The owner of Mayfield Garden Centre in Kelso, which underwent a major expansion last year, has incurred the wrath of neighbours by applying for a permit to sell alcohol.
Carlisle-based William Strike Ltd is seeking a licence to sell drink from a small display area at the Glebe Lane site, close to the River Tweed, between 10am and 10pm daily.
The firm has also applied for an on-sales licence for its new 200-seater coffee bar/restaurant.
But it is the off-sales bid which has elicited objections from nine elderly residents living in nearby Mayfield Gardens.
“There is no call for off-sales within the garden centre,” writes neighbour John Wightman in a letter to Scottish Borders Licensing Board which will consider the Strike bid tomorrow (Friday).
“It could affect the amenity of the area, especially if young adults choose to have late evening drinking sessions beside a highly dangerous stretch of the Tweed.”
Mr and Mrs P. Rhodes claim the off-sales hours are “quite out of order in this peaceful area of Kelso” while Mrs J. Bastion states: “However small the outlet is, take-away drink should not be allowed on this site.”
Another Mayfield Gardens resident, Mrs M. Gliksten, says the setting of the garden centre, a former market garden, is of “great environmental and amenity value”.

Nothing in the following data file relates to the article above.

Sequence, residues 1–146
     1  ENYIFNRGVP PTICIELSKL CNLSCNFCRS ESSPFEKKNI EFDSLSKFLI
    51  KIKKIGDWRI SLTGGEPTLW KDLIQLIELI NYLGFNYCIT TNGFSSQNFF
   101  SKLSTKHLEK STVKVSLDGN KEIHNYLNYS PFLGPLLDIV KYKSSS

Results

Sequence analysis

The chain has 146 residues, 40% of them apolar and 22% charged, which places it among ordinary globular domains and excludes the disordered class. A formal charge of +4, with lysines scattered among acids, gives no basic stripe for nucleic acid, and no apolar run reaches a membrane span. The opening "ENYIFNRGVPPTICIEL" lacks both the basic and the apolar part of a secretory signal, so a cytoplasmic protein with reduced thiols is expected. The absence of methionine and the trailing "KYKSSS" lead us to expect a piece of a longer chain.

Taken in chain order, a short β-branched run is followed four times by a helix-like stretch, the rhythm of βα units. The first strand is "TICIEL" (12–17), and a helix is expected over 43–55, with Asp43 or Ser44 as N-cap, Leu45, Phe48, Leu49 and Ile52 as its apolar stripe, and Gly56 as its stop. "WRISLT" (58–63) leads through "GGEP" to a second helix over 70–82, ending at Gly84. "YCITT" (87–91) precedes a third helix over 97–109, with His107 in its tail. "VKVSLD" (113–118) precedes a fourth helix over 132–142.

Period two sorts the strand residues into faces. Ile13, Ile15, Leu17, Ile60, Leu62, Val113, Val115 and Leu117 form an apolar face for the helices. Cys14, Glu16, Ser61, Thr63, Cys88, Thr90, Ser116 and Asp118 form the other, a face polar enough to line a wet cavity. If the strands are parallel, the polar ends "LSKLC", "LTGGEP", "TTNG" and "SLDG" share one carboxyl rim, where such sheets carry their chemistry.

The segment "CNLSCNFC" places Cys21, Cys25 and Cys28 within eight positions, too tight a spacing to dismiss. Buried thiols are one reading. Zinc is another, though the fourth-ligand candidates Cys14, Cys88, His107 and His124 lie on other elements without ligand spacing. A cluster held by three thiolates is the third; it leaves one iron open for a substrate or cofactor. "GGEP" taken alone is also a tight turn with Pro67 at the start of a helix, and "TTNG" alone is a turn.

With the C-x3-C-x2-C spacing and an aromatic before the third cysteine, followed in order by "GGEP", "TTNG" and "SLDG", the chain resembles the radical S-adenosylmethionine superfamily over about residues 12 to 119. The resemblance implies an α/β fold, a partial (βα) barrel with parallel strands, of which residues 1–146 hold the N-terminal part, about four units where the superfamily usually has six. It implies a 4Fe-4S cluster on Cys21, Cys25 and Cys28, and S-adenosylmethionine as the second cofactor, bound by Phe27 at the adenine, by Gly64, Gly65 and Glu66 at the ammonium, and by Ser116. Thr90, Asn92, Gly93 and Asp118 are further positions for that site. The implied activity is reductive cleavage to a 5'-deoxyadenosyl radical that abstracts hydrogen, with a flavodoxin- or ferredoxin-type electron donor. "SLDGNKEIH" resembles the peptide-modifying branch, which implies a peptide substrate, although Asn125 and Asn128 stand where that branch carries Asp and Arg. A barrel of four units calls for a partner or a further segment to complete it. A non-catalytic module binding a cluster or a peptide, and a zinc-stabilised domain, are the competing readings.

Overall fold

She says last year’s expansion of the business, including the provision of 100 car parking spaces, had already put traffic pressure on narrow roads, like The Butts and Glebe Lane, which have survived intact since the days of horse-drawn vehicles.
“Our concerns lie with the hours requested for off-sales which, we contend, would be an over-commercialisation of the site,” writes Mrs Gliksten.
“If the application is granted, it will greatly increase the scope of the business and the premises could, in very short order, emerge as a supermarket.”
She says that “after years of trouble”, late night hooliganism and vandalism in the river area was under control.
“But residents remain fearful that night-time alcohol sales could lead to a resurgence of the problem,” she adds.
Neither the police nor licensing standards officer Ian Tunnah have offered any objections to the firm’s application.